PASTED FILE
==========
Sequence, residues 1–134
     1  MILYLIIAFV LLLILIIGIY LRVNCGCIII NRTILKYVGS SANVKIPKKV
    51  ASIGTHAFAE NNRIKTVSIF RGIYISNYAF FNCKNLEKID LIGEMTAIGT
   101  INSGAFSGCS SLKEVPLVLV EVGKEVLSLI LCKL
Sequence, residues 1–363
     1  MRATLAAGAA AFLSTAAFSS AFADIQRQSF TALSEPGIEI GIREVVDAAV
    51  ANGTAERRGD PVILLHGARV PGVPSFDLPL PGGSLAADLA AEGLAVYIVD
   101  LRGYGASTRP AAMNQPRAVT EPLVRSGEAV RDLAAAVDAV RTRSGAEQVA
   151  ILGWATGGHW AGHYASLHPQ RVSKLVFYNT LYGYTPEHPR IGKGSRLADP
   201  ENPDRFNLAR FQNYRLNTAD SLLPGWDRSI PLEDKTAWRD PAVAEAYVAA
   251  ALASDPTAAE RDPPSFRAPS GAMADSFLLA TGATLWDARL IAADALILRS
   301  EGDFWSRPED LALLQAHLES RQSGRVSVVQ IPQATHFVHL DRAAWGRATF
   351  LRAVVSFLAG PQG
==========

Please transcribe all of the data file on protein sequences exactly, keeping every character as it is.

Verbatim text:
Sequence, residues 1–134
     1  MILYLIIAFV LLLILIIGIY LRVNCGCIII NRTILKYVGS SANVKIPKKV
    51  ASIGTHAFAE NNRIKTVSIF RGIYISNYAF FNCKNLEKID LIGEMTAIGT
   101  INSGAFSGCS SLKEVPLVLV EVGKEVLSLI LCKL
Sequence, residues 1–363
     1  MRATLAAGAA AFLSTAAFSS AFADIQRQSF TALSEPGIEI GIREVVDAAV
    51  ANGTAERRGD PVILLHGARV PGVPSFDLPL PGGSLAADLA AEGLAVYIVD
   101  LRGYGASTRP AAMNQPRAVT EPLVRSGEAV RDLAAAVDAV RTRSGAEQVA
   151  ILGWATGGHW AGHYASLHPQ RVSKLVFYNT LYGYTPEHPR IGKGSRLADP
   201  ENPDRFNLAR FQNYRLNTAD SLLPGWDRSI PLEDKTAWRD PAVAEAYVAA
   251  ALASDPTAAE RDPPSFRAPS GAMADSFLLA TGATLWDARL IAADALILRS
   301  EGDFWSRPED LALLQAHLES RQSGRVSVVQ IPQATHFVHL DRAAWGRATF
   351  LRAVVSFLAG PQG